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PAKISTAN ELECTION AND MEDIA

Pakistan government rules out live coverage during elections

18 December, 2007:

The government of Pakistan is trying to restrict coverage of the forthcoming elections.

The Pakistan Electronic Media Regulatory Authority (PEMRA) has warned satellite television networks against airing live coverage, including telephone calls, that could “incite violence.”

The media regulator has asked networks to install time-delay equipment to prevent violations of its orders.

Broadcasters who do not abide by the regulation could face up to three years in prison and a fine of up to $170,000.

The Pakistan Federal Union of Journalists has described the warning as the Pakistani government’s attempt to prevent the free media from covering the elections scheduled for January 8, 2008.

The Committee to Protect Journalists, based in New York, the United States, said it was “troubled by evidence of pressure on TV news channels in the run-up to the elections.”

Bob Dietz, the Asia program coordinator of the Committee to Protect Journalists, said: “We call on the Musharraf government to cease intimidation of the broadcast media and allow full independent coverage of the political situation in Pakistan.”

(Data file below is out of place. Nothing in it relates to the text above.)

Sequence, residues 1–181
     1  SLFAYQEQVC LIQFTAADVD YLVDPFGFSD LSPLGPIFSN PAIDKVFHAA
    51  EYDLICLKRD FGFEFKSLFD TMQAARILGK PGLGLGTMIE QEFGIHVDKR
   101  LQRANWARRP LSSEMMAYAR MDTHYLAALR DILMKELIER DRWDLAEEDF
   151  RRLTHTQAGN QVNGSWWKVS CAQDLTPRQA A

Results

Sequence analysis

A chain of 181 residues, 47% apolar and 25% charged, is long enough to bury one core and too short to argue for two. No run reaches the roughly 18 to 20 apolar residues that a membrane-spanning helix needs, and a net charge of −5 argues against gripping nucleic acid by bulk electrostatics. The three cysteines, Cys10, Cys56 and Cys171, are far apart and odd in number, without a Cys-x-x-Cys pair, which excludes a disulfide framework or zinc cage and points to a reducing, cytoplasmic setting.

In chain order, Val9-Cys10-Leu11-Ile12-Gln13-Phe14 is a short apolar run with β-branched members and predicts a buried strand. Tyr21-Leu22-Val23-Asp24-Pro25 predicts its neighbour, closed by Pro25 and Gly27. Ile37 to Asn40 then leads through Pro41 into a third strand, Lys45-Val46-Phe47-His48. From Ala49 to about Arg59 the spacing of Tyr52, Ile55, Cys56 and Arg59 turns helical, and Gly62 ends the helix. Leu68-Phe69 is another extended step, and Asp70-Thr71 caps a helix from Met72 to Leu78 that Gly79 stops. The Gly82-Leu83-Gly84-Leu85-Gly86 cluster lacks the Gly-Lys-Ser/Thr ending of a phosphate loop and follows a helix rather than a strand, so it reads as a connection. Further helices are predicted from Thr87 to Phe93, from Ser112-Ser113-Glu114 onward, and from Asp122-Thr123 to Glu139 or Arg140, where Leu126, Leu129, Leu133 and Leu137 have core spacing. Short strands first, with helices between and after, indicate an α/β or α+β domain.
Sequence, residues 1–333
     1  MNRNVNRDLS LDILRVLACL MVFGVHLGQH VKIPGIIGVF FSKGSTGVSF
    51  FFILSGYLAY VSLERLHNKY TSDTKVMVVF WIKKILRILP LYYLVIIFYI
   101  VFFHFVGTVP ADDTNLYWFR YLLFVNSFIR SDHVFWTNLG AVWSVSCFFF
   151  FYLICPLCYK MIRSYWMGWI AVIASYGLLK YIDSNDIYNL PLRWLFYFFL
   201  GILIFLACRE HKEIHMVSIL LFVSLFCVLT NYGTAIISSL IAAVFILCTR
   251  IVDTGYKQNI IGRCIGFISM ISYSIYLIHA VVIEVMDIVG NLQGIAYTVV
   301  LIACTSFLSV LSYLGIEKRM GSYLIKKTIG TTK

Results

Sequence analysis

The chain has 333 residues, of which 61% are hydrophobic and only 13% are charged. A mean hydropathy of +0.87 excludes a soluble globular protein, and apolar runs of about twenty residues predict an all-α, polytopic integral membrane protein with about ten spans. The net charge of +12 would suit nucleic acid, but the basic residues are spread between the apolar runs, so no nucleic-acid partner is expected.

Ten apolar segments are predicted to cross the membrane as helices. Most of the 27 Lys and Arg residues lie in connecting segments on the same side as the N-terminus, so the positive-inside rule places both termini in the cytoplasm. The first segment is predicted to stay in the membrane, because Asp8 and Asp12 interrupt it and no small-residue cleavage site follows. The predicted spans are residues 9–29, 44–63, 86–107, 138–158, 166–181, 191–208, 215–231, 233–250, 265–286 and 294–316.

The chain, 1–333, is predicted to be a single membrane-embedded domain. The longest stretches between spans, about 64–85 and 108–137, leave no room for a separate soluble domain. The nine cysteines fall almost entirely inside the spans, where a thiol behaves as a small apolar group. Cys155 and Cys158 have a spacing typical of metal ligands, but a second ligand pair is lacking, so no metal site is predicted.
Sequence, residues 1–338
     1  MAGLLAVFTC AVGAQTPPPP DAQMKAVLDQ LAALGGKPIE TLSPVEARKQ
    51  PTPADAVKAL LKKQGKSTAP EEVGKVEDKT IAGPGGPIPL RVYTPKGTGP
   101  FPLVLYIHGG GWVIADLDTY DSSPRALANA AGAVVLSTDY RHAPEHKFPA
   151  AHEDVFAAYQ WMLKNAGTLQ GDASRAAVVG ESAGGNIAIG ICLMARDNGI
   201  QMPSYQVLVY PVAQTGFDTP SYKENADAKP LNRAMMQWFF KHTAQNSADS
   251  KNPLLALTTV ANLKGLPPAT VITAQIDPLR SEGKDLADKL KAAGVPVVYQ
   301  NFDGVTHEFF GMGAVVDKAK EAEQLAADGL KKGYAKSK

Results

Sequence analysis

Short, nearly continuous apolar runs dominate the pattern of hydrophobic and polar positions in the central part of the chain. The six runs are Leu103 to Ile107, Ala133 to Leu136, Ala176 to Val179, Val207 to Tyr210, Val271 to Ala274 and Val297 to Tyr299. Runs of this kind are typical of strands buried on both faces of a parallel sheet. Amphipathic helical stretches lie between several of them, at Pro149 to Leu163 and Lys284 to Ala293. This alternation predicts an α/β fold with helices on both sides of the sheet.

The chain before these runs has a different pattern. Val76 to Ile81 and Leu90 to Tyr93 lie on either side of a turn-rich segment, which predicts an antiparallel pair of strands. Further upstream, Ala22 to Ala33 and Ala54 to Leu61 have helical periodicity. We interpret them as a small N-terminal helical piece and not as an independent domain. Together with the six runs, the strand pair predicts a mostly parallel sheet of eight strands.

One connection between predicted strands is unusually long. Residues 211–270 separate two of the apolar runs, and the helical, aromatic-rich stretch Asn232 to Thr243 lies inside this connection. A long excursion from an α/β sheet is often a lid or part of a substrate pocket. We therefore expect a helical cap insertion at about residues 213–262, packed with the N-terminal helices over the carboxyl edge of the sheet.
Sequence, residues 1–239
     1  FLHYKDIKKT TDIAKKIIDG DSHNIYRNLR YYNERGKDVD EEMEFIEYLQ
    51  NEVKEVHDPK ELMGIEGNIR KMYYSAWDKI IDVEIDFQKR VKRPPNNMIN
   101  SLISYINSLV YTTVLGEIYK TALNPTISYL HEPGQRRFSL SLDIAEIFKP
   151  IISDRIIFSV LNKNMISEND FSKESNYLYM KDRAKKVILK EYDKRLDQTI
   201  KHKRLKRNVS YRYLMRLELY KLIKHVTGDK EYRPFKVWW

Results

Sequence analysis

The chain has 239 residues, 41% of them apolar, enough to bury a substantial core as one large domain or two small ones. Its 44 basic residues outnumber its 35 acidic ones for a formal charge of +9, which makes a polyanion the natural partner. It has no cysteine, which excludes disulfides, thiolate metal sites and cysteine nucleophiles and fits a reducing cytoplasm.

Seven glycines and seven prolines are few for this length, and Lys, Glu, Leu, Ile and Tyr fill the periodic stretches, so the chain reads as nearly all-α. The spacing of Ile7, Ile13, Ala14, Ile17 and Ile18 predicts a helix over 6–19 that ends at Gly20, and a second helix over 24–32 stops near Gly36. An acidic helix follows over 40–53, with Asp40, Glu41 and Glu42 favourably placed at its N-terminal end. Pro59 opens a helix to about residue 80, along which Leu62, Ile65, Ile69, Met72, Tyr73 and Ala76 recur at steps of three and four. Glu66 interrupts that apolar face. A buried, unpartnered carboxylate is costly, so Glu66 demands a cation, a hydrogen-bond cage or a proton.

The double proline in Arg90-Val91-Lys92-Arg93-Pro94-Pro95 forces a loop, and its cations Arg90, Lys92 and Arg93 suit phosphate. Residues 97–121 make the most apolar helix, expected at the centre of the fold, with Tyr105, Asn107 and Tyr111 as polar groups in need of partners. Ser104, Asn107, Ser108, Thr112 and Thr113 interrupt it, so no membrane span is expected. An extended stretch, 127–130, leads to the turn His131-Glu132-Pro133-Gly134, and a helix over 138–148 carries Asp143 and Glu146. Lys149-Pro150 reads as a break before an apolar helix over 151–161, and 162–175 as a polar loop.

Pakistan’s President Pervez Musharraf imposed restrictions on the media since imposing emergency rule on November 3, 2007.

Newspapers and television channels are specifically barred from showing images of suicide-bombers and their victims. The order also outlaws any material that purportedly defames government officials.

Many television stations in Pakistan were shut down. Those that wanted to restart broadcasting had to sign a “code of conduct” formulated by the government.

A report by the news agency Associated Press says that the Pakistan Electronic Media Regulatory Authority has complained that some television channels are still “airing live coverage and taking live telephone calls from public which contain baseless propaganda against Pakistan and incite people to violence.”

Pakistan’s Minister for Information Nisar Memon has, however, denied any censorship, adding that the onus lies on the independent channels to show that they are responsible by not stirring up political tensions. “Every one of us in Pakistan should share the responsibility and work for betterment of the country by keeping the environment conducive for the polls,” Nisar Memon was quoted as saying.

Media reports say that television networks are likely to comply with the Pakistani government’s threat and avoid giving live coverage of fiery speeches of Opposition leaders like former prime ministers Nawaz Sharif and Benazir Bhutto, both of whom had returned to Pakistan recently from years of living in exile.

Both Benazir Bhutto and Nawaz Sharif are already campaigning for the January 8, 2008 elections, vowing to do all they can to curtail Musharraf’s “dictatorial” powers.

 

 
         
 

 

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